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Kelowna RCMP ordered to reveal identity of family lawyer critical to investigation of suspicious Okanagan drowning

RCMP must reveal lawyer

The Kelowna RCMP has been ordered to disclose the identity of a family law lawyer who came forward during the investigation of the death of a Lake Country woman who drowned in Okanagan Lake under mysterious circumstances.

The BC Supreme Court order was made Thursday as a part of civil proceedings, launched by Jean Hennig, mother of Arlene Westervelt.

Westervelt drowned in Okanagan Lake in 2016. Her husband, Bert Westervelt, was charged with murder three years later. But in July 2020, Crown prosecutors stayed the charge after receiving “new information.”

Bert Westervelt has always maintained his innocence and said the drowning was a tragic accident, while Arlene’s family has claimed he murdered her.

Last spring, Jean Hennig and other family members filed a pair of civil lawsuits. The first, alleging Bert murdered Arlene, is attempting to claw back assets he inherited from Arlene. The second names a high-ranking member of the Kelowna RCMP, Supt. Brian Gateley, over allegations he interfered with the homicide investigation.

The concurrent lawsuits both saw significant developments this week.

ORDER ISSUED TO KELOWNA RCMP

In a court filing last month, Hennig’s lawyers allege Arlene Westervelt was in the process of divorcing Bert prior to her death, and Bert intentionally drowned his wife “so he could inherit or acquire the assets of Arlene before she was able to lawfully separate.”

Arlene’s death was initially thought by police to have been an accident, although some family had immediately contacted RCMP about their suspicions.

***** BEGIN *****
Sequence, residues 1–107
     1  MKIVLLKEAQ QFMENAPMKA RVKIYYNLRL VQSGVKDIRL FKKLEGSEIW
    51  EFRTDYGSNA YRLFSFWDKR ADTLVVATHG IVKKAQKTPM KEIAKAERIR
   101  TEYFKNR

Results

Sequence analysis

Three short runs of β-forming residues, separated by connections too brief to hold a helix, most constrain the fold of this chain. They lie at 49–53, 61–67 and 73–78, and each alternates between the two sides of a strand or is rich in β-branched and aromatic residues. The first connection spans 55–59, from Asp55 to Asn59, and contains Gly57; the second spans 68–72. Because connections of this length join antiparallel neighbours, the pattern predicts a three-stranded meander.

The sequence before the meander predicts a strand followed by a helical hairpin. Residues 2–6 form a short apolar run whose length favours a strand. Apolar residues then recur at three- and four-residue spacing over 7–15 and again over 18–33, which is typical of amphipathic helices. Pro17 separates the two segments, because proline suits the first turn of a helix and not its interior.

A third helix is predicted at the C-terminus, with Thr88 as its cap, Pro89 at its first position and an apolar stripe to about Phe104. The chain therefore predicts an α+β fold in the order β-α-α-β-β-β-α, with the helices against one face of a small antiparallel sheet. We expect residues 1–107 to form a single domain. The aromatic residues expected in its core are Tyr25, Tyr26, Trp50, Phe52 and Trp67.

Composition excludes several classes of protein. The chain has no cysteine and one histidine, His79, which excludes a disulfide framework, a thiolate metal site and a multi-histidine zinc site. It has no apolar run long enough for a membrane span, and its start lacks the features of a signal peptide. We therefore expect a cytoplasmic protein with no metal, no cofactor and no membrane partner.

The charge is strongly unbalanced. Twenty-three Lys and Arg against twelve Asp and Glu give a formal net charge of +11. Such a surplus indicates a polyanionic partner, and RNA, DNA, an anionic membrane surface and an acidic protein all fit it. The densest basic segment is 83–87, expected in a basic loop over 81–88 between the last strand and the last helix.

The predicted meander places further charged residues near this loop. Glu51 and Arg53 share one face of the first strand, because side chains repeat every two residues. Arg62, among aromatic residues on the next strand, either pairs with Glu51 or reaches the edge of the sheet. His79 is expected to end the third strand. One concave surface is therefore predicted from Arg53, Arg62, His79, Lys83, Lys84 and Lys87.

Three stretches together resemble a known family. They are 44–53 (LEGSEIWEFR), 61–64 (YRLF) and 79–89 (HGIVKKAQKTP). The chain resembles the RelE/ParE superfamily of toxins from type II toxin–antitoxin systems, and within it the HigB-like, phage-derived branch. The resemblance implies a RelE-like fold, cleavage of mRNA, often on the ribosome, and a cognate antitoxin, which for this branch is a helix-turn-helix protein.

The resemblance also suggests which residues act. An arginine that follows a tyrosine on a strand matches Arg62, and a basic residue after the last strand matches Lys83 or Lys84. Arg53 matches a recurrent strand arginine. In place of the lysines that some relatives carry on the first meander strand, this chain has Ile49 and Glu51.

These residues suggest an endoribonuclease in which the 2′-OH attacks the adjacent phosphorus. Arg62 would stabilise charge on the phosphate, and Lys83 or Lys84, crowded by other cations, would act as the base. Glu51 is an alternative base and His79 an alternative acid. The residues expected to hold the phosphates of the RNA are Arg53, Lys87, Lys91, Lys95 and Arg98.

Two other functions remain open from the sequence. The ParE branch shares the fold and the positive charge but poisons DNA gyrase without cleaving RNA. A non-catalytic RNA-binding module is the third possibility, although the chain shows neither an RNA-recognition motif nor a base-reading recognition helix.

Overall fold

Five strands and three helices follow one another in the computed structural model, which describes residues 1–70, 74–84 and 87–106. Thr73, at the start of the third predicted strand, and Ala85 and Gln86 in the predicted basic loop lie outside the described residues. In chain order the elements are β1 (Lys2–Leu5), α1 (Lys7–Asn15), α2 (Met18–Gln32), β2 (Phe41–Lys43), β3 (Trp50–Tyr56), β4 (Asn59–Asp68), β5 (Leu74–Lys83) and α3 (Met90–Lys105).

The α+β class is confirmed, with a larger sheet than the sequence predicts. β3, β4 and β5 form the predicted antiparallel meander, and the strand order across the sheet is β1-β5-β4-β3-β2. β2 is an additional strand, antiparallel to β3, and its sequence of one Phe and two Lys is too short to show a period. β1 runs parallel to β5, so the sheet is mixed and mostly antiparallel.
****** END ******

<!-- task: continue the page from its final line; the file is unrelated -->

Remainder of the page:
At some point in the investigation, an unnamed family law lawyer Arlene had been speaking with contacted the police.

“The plaintiff says that the evidence of the family law lawyers who came forward after Arlene’s death is relevant and crucial to both this civil action and the criminal homicide investigation,” an application filed by Hennig’s lawyers said, noting the RCMP refused to reveal that lawyer’s identity without a court order.

Following a hearing Thursday in Vancouver, a judge granted that order, giving the Kelowna RCMP 35 days to comply. Court documents indicate Hennig’s lawyers are planning on seeking a second court order to allow the unnamed family law lawyer to speak about the evidence they provided to police.

Bert Westervelt fought the application, arguing that the court has a duty to protect solicitor-client privilege and that Hennig is not a beneficiary of Arlene’s estate.

Bert’s response to the civil claim alleged the lawsuit is an attempt to use civil proceedings to “circumnavigate” Bert’s Charter protections. Bert’s lawyers pointed to statements Hennig’s lawyers made to Castanet News and Global Okanagan after the lawsuit was filed that noted civil lawsuits can compel disclosure of evidence whereas criminal cases can’t.

NEW INVESTIGATION DETAILS REVEALED

The Attorney General of Canada, B.C. Ministry of Safety and two police officers involved in the investigation of Arlene Westervelt’s death filed a response Friday to separate civil allegations that a high-ranking member of the RCMP attempted to suppress the murder investigation due to a personal friendship with Bert.